Amstel Wants to Reward You with Beer for Ignoring Your Phone

Amstel Wants to Reward You with Beer for Ignoring Your Phone

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The Amstel App Will Reward Anyone With a Free Beer for Ignoring Their Phone for 8 Hours

My very first post at Gamification Co involved a DIY-gamification project to retain etiquette at the dinner table. The premise was simple: everyone gathers their smartphone in the middle of the table at the start of a meal. If anyone checks their phone in that time, they’re forced to pay for everyone’s meal. I’m amazed that nobody else has taken this concept of cellphone abstination and turned it into an app (that I know of) until Amstel released their new iOS app to actually reward users for doing this.

Fast Company reports on a new initiative by Amstel that seeks to “…position itself as the beer of young men who work in international companies, are well paid, and spend most of their time in the office,”  according to Momchil Zakhariev, deputy creative director at Next-DC, the Bulgarian agency behind the app. “Our goal was to find a way to make these people feel freer by wholeheartedly enjoying their spare time.”

The app is designed to be left open and running as it calculates your time spent off the device in 30 minute intervals. Hit eight-long hours of waiting and you’ll be met with a (presumably) voucher for a free Amstel beer. The app description is unclear about whether or not it will provide multiple free beers for using the device.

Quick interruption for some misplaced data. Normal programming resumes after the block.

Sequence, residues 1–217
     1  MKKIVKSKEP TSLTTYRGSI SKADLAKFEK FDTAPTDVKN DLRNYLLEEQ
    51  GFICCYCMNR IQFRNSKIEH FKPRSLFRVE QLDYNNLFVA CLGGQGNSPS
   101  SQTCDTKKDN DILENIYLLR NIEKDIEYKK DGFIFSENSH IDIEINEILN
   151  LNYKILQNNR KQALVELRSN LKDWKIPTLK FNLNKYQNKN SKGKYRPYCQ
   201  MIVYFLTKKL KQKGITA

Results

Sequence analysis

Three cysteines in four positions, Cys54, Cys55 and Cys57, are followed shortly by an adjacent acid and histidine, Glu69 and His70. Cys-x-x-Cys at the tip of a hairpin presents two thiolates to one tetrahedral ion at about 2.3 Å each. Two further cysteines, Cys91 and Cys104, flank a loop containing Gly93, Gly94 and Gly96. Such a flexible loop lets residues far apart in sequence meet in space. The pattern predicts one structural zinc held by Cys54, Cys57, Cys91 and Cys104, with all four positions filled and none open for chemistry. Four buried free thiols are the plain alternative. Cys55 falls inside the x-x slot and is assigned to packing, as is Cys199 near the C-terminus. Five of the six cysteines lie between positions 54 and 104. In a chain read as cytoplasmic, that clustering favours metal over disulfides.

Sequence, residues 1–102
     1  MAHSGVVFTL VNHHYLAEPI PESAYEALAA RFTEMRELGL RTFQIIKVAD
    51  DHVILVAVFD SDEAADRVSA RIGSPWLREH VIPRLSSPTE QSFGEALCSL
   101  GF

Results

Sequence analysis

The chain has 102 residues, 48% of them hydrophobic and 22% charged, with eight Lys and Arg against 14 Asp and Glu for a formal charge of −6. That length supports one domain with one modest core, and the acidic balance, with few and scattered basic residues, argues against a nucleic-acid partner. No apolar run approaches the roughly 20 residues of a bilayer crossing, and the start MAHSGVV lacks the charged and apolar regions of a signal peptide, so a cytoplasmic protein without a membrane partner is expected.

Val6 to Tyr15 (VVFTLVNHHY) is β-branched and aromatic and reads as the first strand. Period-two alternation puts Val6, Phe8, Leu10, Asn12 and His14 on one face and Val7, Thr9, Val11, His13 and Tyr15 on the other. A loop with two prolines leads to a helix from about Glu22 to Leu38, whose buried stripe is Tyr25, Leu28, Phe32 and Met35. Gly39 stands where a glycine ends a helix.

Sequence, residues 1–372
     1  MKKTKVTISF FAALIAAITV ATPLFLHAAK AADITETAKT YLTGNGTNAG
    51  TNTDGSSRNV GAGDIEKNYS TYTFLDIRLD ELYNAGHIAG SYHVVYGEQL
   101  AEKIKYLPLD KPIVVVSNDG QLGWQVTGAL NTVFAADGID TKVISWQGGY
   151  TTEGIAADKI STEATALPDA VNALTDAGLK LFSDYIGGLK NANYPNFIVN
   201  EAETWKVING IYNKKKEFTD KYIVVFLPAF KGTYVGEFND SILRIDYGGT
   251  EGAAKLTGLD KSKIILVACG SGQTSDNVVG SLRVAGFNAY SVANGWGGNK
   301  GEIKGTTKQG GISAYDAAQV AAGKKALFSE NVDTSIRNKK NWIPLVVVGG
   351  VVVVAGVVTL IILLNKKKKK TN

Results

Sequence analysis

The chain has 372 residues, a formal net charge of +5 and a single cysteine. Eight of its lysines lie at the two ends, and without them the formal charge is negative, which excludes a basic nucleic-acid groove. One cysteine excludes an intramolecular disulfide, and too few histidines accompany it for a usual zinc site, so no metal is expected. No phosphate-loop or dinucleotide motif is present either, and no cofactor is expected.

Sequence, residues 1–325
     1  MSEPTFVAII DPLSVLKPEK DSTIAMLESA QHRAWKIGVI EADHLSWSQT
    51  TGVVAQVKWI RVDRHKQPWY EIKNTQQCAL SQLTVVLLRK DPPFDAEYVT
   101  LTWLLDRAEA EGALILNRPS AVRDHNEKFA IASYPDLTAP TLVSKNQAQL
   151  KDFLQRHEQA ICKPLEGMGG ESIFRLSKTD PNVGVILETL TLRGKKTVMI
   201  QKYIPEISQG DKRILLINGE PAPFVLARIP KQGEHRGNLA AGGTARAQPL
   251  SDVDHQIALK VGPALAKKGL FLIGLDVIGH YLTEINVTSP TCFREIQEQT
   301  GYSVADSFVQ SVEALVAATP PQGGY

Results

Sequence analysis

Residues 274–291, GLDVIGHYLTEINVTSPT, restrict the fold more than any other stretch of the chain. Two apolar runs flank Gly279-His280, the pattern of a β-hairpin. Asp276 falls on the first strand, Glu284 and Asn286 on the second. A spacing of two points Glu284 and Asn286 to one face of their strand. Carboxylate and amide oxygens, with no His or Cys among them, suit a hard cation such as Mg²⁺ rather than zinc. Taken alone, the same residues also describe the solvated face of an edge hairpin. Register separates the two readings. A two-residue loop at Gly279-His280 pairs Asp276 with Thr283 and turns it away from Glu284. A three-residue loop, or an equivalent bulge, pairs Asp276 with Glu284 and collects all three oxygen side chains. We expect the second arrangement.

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Smartphone abstination is just one of the campaigns Next-DC and Amstel are pursuing in an effort to truly reclaim “free-time” Earlier this year, they also offered free beers for individuals who locked their phone away in a locker for the night and for those who could simply take 3 minutes out of their day to take a break.

Agency cofounder and managing director. Maria Todorova said “Anxiety and stress were some of the problems we tried to solve. Our lives have become so dynamic that we rarely stop to reconsider how important this three-minute break is”

Amstel’s goal is clear: to associate their brand with relaxation and, presumably, happier simple times. However, this concept would probably be better executed if the waiting time was reduced to be a shorter reward interval and if the app did something useful instead of just force you to test your willpower.

It’s also fascinating to see how agencies are evolving their vending machine reward mechanics; Fantastic Delites and Coca Cola want you to breakdance for some free snacks and now pedestrians can do nothing for beer. Clever.

What do you think? Would you exchange 8 hours of off-time for a free Amstel?

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